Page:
Tag Archives: coco

Looks like Purple People Eater to Me!

31 May

IMG_2670Oh yes, Sheb Wooley, I’m after you! Here is my Tilly & the Buttons Coco dress – is it called a franken-dress, or is that just me in it?!

It’s a Coco top, shortened a wee bit, with a sort of Merchant and Mills Factory Dress skirt on the bottom. It’s what I call a result, after the trauma of my first Coco.  Last time, I managed to disfigure my fabric by drying it badly and then forcing my daughter to model it. This time I went for a more stable knit, using a lovely ponte roma bought from Plush Addict, and washed and dried it carefully.

It was a one-eyed, one-horned flyin' Purple People Eater!

It was a one-eyed, one-horned
flyin’ Purple People Eater!

Originally, I cut a funnel neck but I thought I looked a bit too much like a purple ET, so cut it out and used some black cotton ribbing I had lurking instead. I really liked the contrast – black/purple, purple/black – and added the ribbing to the cuffs too, using the lovely Amanda method (from Kitschy Coo), as detailed in her Lady Skater dress pattern.

So all’s well that ends well really: I had wanted this dress to be in a Kelly green (as I had pinned on one of my Pinterest boards) but thought it might be too bright, being a gal who favoured black for all seasons for most of her twenties and thirties. So I chose vibrant purple instead.

Despite cutting the same size Coco as before, this fabric behaved differently – just like my children, in fact. The end result is a little bit big, thus casting it into the “roast dinner dress” corner of my wardrobe. It also functions as a giant nighty, which means on all these balmy Spring days that have so far eluded most of the British Isles, I remain snug as a bug and asleep at my desk. Happy days.

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I Should Coco

9 Mar

IMG_2585Yes, let’s bring a little Supergrass to this sunny Sunday afternoon as I welcome the arrival of my first Coco. Note that, my first. Yes, because I will surely have to make another not least because I love the pattern (as I have done all Tilly patterns) but because of the sewing gremlins that beset this much looked forward to project. (Note the blame of the imaginary third party, obviously no room for Panda error…)

Having sewn no less than three other garments with knits (Lady Skater one, Lady Skater two and the Aslan Plantain) since January, I felt hot to trot in sewing terms. The pattern and instructions is nothing less than top drawer and entirely what I’d expect from Tilly: this is a woman who talks my language, pattern-wise, and presents the step-by-step instructions clearly with beautifully shot photos (and a glorious red manicure) to match.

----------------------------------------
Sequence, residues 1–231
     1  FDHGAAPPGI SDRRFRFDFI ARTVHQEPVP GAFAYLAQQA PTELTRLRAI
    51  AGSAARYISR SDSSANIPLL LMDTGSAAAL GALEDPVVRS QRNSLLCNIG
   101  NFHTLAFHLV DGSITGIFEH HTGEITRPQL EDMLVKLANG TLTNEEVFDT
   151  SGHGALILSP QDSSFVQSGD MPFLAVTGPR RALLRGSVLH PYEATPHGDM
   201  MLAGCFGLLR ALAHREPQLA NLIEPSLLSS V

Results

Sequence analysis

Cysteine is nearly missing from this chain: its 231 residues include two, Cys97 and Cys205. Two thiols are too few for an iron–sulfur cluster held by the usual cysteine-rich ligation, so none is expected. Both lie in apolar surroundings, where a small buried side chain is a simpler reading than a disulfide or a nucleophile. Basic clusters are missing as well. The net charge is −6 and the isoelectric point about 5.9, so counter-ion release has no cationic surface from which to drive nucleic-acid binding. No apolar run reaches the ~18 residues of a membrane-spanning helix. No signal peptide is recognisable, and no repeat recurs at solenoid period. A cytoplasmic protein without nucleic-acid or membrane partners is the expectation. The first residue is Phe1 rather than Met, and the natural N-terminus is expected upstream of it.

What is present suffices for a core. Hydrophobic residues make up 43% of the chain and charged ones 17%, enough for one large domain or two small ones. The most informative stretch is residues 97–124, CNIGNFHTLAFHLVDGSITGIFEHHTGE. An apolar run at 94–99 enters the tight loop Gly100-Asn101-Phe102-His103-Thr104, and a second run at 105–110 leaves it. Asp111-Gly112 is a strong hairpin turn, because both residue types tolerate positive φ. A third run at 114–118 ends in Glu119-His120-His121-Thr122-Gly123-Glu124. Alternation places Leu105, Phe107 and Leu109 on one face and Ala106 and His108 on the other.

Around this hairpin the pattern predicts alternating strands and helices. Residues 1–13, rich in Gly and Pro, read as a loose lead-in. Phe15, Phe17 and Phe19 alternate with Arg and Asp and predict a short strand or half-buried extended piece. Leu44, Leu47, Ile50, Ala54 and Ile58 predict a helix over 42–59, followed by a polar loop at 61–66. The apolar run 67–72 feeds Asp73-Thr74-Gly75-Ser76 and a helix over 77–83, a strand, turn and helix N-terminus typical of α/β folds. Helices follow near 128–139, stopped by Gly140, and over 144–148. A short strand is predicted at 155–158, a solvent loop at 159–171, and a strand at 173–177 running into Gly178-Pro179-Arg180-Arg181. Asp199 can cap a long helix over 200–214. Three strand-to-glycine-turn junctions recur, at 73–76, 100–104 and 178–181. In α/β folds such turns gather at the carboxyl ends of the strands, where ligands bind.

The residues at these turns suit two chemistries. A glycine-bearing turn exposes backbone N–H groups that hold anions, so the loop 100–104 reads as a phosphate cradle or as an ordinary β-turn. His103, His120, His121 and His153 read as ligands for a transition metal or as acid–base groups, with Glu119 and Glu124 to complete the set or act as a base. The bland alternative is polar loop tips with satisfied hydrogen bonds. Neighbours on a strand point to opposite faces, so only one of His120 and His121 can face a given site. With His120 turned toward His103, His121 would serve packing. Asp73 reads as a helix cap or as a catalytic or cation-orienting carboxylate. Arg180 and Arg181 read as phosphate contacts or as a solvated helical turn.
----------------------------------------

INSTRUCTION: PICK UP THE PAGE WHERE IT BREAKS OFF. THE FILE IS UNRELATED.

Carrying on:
There’s been a sewalong on her website to accompany the release of the pattern, together with various different posts offering advice on sourcing fabric and sewing with knits for newbies. She really has thought of everything. Frankly, the only thing she appeared not to cover was the evil weevil that escaped from the bottle once I opened the pattern, or should I say the fabric.

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I bought my fabric from Tissu Fabrics, a navy cotton jersey interlock as recommended, and it seemed perfect, but I think the problems began when I washed it. As Tilly points out, dry your fabric flat. FLAT. FLAT. FLAT. Roll it in a towel, lay it on the table, just make sure it’s flat. I didn’t. I hung it up. It stretched and distorted and although I continued my Coco in a belligerent and cautiously optimistic fashion, I knew I was chancing my arm. Learn from my mistakes.

Construction wise, a straight size 3 was cut and I slimmed the sleeve down as per the recommendations of other more competent sewing ninjas than I. I love the funnel neck style and 3/4 length sleeves, I’m just sorely disappointed with my efforts.

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If you’re happy and you know it clap your hands

You can see by the way it hangs on the delighted Lady Moo that all is not Coco. Still it could have looked a lot worse. This will be my working toile or maybe toil?  Threads kept snapping on my sewing machine in twin needle mode for weevil knows why, causing me to unpick and unpick and stretch the hem despite the Wundaweb I used to stabilise it.  Why did the thread keep snapping? Why? Why?

I fully intend to Coco again, perhaps with a heavier, more stable fabric (ponte knit anyone?), and will sew armed with a Nerf gun to shoot the sewing weevil down in its tracks. You can’t say I haven’t warned him. Bar steward.

I’ll be back 😉